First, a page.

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When you think of Japan, you might picture Mt Fuji, temples and shrines, sushi, and countless other cultural and gastronomical icons for which the country is so well known. Every year, millions of tourists visit Japan, exploring the dense city of Tokyo, the many temples of Kyoto, or the overflowing abundance of nature and snowy mountains of Hokkaido, among others. What may not immediately come to mind, however, is traveling via a camper van in Japan.

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Traveling with a camper van around Japan is a low-budget rental choice, combining both your mode of transport and overnight accommodations, two of the most expensive aspects when visiting Japan. Moreover, traveling by RV has many advantages, such as added freedom to travel off-the-beaten-path into remote regions of Japan not regularly featured on popular tourist guides.

With the wisdom of two camper-savvy Voyapon collaborators, we’ve compiled a guide on campers in Japan to start your camper adventure in Japan.

What does a camper van rental come with in Japan?

Thanks to Voyapon contributor Matt, we know that campers in Japan have everything you would need to survive: a microwave, refrigerator, stovetop, sink, a seated area with a table, and of course, bedding. In addition, vans usually have many windows around the car, most of which have fly screens, so you can get some ventilation and protect yourself from bugs. Nina, our other collaborator, had a similar camper van experience, including additional rental options such as camping chairs, BBQ pits, and outdoor camping tables.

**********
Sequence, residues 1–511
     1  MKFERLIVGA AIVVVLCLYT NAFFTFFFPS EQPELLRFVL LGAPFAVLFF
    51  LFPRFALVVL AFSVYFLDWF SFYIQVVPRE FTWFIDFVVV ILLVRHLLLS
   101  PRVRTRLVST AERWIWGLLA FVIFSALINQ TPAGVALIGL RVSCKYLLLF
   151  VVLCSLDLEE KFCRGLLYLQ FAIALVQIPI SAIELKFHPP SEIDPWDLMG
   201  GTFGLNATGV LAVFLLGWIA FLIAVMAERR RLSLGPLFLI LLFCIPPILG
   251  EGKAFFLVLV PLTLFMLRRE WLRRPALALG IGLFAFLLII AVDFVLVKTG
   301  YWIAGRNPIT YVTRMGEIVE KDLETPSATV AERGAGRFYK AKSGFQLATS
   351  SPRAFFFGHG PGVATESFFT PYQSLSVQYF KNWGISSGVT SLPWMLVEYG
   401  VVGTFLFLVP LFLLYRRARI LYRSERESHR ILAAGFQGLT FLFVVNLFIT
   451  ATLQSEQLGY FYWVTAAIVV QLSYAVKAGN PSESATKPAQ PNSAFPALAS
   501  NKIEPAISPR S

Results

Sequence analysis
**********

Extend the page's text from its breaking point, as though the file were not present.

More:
nina and her friends on a camping van
Nina and her friends travel in a camping van.

Depending on the camper rental company, your van may come with a high-tech GPS. Often, the GPS operates mainly in Japanese, though be sure to ask if they have more languages available! Your RV may also have a rearview video camera so that you can back up without fear of driving into things (or people!).

Another possible gadget is a slot for an ETC card, a highway toll card that cuts wait times at toll gates by automating payments without bringing your car to a stop. However, if you want to use an ETC (Electronic Toll Card) for your camper, you’ll have to bring your own as they aren’t available for tourists or temporary purchases in the same way train passes in Japan. If you live in Japan and have a Japanese banking system or credit card that is an ETC partner, you’ll be able to apply for an ETC card.

Another point to remember is that camping vans are usually delivered with a full tank of gas, and you have to return them under the same conditions. To Nina’s surprise, she could drive to Chiba and back (with many wrong turns and retracing their steps), using up only about a third of the tank.

How much does it cost to rent a camper van in Japan?

There are many types of campers and RVs in Japan. Rent can vary, and prices can change depending on whether you rent on the weekdays or weekends. For example, Camp in Car estimates their price per working day is 20,000 yen (about 153 euros / 181 dollars)*. Considering that five people can fit inside a camping van, the shared price is much lower than paying for a train ticket and daily accommodations. In addition, there may be discounts for long-term rentals.